Four former Kansas governors and other state leaders have announced an effort to raise money to oppose policies and laws created in recent years by Gov. Sam Brownback and the Kansas Legislature.
The Save Kansas Coalition, which sent out a news release Friday, includes former Republican governors Mike Hayden and Bill Graves, and former Democratic governors Kathleen Sebelius and John Carlin.
The group also includes former Kansas Senate presidents Dick Bond and Steve Morris, and other political leaders past and present. Another member: Barry Flinchbaugh, a professor emeritus at Kansas State University who has helped write national agriculture policies.
The group issued a public statement on Friday, asking for money “to help educate Kansas voters about the destructive policies of Sam Brownback and his supporters in the Kansas legislature.”
It already drew at least one critic on Friday.
Graves doesn’t even live in Kansas anymore, said Kansas House Speaker Ray Merrick, R-Stilwell.
“So he ought to be quiet.”
Kansas has struggled to balance its budget since Republican legislators slashed personal income taxes at Brownback’s urging in 2012 and 2013 in an effort to stimulate the economy. While even some GOP lawmakers have acknowledged that the tax cuts didn’t work as anticipated, Brownback and his top aides blame the state’s ongoing fiscal problems on regional slumps in agriculture, energy production and aircraft manufacturing.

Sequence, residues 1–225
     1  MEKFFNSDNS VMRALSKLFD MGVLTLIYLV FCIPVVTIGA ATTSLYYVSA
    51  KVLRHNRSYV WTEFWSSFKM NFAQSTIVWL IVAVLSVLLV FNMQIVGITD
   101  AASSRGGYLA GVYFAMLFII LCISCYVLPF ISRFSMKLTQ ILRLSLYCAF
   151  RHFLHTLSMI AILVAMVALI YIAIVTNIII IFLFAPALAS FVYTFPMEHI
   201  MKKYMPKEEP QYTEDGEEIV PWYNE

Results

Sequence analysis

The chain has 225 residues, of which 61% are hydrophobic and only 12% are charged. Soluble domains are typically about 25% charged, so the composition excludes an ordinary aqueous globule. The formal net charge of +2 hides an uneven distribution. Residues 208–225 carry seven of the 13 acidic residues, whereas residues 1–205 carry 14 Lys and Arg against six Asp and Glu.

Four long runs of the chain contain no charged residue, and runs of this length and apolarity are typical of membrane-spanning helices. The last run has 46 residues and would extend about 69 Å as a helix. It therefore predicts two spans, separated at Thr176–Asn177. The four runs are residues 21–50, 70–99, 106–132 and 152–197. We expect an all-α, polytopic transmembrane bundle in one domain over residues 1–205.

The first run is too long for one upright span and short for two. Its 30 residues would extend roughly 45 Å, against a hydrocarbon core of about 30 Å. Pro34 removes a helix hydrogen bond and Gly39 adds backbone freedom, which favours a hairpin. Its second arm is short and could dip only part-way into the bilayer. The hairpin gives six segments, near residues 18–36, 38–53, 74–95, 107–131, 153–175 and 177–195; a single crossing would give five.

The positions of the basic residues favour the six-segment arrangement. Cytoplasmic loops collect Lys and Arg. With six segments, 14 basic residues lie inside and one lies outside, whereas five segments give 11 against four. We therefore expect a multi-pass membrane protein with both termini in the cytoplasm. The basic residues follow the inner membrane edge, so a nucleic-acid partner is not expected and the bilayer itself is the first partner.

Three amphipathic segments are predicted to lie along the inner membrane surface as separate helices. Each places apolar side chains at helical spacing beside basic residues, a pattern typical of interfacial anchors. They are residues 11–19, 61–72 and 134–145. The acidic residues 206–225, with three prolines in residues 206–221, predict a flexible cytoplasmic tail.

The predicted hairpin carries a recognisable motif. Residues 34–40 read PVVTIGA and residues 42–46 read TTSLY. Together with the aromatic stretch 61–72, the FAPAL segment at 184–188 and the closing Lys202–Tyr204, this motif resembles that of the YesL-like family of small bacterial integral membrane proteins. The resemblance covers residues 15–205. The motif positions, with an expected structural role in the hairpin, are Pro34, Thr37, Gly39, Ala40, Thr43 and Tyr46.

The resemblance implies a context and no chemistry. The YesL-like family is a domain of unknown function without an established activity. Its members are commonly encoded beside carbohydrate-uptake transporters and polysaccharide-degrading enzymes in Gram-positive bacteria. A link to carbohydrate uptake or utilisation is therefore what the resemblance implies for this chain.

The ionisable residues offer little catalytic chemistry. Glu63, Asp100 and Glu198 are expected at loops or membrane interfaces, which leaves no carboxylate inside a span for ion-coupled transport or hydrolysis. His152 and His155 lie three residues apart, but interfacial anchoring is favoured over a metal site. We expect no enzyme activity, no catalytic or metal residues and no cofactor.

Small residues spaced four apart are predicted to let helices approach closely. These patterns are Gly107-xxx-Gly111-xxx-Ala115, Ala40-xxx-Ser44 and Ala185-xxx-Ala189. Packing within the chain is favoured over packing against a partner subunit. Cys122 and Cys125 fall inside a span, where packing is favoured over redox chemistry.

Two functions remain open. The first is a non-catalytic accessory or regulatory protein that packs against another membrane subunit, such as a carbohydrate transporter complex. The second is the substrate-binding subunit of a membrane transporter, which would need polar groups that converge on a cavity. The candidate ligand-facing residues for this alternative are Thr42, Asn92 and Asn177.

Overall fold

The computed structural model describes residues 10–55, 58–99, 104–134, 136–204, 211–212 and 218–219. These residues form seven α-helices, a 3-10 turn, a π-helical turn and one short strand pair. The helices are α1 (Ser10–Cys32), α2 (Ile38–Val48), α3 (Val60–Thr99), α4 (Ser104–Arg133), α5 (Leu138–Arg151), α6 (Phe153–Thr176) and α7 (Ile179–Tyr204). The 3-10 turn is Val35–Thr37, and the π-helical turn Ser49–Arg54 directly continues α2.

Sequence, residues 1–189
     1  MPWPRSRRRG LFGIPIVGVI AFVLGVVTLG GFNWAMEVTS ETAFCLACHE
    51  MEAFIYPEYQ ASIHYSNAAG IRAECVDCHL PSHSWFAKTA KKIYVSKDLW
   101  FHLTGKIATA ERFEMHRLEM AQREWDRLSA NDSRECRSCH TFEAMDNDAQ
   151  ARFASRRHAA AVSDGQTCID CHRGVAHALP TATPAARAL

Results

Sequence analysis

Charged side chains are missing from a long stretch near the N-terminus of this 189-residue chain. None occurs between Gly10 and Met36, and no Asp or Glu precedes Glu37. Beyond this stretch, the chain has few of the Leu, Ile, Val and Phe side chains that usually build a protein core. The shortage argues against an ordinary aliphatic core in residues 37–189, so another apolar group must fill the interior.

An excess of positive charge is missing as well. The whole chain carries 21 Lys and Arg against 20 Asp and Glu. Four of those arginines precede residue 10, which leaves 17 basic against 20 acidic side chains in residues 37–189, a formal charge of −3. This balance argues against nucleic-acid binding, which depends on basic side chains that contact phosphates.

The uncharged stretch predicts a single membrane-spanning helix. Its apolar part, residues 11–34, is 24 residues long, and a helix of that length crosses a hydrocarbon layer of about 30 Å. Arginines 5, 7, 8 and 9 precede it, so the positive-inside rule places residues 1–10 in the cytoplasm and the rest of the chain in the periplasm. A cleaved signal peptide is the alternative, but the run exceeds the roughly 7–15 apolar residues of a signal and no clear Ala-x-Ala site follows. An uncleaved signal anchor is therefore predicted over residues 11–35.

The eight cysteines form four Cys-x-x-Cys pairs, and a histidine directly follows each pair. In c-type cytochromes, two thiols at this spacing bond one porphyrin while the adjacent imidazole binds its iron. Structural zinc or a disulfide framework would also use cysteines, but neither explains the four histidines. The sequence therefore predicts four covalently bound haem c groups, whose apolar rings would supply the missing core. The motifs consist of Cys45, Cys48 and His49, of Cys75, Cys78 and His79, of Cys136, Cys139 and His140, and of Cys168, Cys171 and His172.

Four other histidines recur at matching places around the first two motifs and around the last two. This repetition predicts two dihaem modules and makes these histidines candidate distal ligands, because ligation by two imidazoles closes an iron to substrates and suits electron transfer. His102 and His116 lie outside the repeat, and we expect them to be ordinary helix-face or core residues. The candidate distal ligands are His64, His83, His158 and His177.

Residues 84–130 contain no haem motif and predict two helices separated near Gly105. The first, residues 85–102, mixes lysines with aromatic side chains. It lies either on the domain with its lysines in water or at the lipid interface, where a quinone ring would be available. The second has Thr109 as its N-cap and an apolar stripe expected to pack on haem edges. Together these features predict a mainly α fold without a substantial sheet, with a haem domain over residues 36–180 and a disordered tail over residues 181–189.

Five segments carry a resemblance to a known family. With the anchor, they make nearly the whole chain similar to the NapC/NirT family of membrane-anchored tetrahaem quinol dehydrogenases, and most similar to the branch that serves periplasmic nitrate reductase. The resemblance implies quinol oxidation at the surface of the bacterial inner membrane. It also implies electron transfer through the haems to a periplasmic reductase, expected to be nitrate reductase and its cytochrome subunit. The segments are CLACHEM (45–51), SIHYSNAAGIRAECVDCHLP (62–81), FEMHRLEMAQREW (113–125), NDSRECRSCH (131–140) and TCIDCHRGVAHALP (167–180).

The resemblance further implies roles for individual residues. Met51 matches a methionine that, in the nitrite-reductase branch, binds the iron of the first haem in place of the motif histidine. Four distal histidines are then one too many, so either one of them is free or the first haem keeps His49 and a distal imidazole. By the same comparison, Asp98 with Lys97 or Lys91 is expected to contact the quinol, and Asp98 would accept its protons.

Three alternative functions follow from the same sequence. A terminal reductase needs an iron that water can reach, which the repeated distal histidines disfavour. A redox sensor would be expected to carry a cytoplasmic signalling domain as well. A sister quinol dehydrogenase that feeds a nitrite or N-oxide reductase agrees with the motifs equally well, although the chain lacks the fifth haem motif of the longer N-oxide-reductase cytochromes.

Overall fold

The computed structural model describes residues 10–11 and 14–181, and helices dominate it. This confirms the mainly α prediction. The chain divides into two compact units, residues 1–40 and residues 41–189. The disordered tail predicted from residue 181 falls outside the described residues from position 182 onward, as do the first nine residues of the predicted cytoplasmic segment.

The state’s tax collections have fallen short of expectations 10 of the past 12 months.
When asked for a reaction to the coalition’s letter, Brownback spokeswoman Eileen Hawley responded that “the governor is focused on working with the Legislature to ensure Kansas schools remain open.”
The “shared values” the Save Kansas Coalition members want to promote, they said, include a balanced tax policy, quality education, health care access, safe highways, job growth and judicial impartiality.
Carlin, governor from 1979 to 1987, said he and others in the group have worked together “in smaller-scale ways” since at least the 2012 election.
“It became clear that there was a serious effort underway to take out some good Republicans, like Steve Morris, in the 2012 primary,” Carlin said.
Whoever was behind that effort “had a lot of money and used a lot of false advertising,” Carlin said.
The movement has matured since then, he said.
“We thought that if we banded together, both Democrats and Republicans, that maybe we can combine our thoughts and resources, and try to make a difference,” Morris said.
The group will try to raise money, recruit and advise candidates and educate voters about state policies, Carlin and Morris said.
Contributing: Bryan Lowry of The Eagle; Associated Press